The largest inferno - the so-called "Camp Fire" in the foothills of the Sierra Nevada mountains north of Sacramento - has destroyed 6,700 homes, business and other buildings in the town of Paradise, effectively wiping it off the map.
Butte County Sheriff Cory Honea said the human remains recovered on Sunday included five bodies found at homes and one in a vehicle in Paradise.
Fire.ca.gov's Incident Information page provides everything you need to know about what's happening on the ground in these areas, with full evacuation info, available evacuation centers and shelters (including ones specifically for animals) and key road closings.
Hundreds of kilometres to the south, at least two people died in the Woolsey blaze, which is threatening the wealthy beach community of Malibu, near Los Angeles.
Los Angeles County Fire chief Daryl Osby told reporters of his gratitude to firefighters "who've done all they could do save tens of thousands of people's lives and thousands of people's homes".
"Unfortunately, the best science is telling us that the dryness, warmth, drought, all those things, they're going to intensify", he said.
He said the footprint of the Woolsey Fire contains many unburned areas that are vulnerable to embers stoked by gusts that could reach 64kmh.
More than 200 people remain unaccounted for, according to authorities, meaning the event is poised to become the deadliest wildfire in the state's history.
A fire truck stands by as the Camp Fire burns in the hills on November 11, 2018 near Big Bend, California. "We do not want any more lives lost".
Since the spread of these fires, over 20,000 residents had to flee from their homes, The Washington Post reported.
In southern California, more wildfires burned, including one just north of Los Angeles and another in Ventura County near Thousand Oaks, where a Marine Corps veteran shot dead 12 people in a country music bar on Wednesday.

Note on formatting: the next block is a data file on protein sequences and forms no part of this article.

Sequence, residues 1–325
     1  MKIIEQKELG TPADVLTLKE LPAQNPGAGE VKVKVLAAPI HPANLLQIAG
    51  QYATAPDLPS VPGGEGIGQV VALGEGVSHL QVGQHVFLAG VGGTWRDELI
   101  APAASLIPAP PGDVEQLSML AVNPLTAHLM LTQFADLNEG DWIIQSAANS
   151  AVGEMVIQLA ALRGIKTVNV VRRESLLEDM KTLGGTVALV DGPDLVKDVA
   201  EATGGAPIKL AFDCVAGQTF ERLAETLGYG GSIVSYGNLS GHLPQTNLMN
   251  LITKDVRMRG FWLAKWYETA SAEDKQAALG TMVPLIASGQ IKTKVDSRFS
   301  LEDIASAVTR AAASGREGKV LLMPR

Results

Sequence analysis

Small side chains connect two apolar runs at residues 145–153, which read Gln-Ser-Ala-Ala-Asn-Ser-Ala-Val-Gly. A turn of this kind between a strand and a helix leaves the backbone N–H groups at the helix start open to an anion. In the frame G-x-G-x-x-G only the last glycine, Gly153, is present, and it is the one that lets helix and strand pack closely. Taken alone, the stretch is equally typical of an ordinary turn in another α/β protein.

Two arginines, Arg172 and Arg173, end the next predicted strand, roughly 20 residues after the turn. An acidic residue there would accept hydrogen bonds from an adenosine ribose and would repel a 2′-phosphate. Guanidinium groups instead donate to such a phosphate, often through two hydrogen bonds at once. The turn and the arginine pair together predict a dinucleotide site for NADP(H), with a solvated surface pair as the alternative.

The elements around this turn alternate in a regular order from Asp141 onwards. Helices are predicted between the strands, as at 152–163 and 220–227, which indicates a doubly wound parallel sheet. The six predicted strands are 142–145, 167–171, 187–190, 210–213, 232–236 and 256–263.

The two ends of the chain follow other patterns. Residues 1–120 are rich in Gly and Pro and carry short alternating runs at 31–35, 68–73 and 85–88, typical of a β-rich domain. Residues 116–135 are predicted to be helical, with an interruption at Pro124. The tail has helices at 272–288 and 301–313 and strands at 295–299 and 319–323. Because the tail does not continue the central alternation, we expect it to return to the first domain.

The rocker also revealed that his own home near Malibu had been destroyed in the blazes that have thus far caused historic damage in both northern and southern California. "We're putting everything we've got into the fight against these fires and this request ensures communities on the front lines get additional federal aid", Brown said in the release.
As of Sunday, the Camp Fire had blackened more than 109,000 acres at the edge of the Plumas National Forest.
Hot dry winds expected to blow until Tuesday whipped up the flames and heightened the urgency of evacuation orders, officials said.
The first fatality of the California wildfires has been identified as an ailing woman who was found dead in her bed in her burned-out northern California home.
Ellen Walker, who was in her early 70s, was home alone when the fire struck on Thursday, according to Nancy Breeding, a family friend.
Walker's husband was at work and called a neighbor to check on his wife and tell her to evacuate, Breeding said. Authorities confirmed her death late Friday.
He described an even drier, warmer climate that could make such devastating wildfires more common than in past years.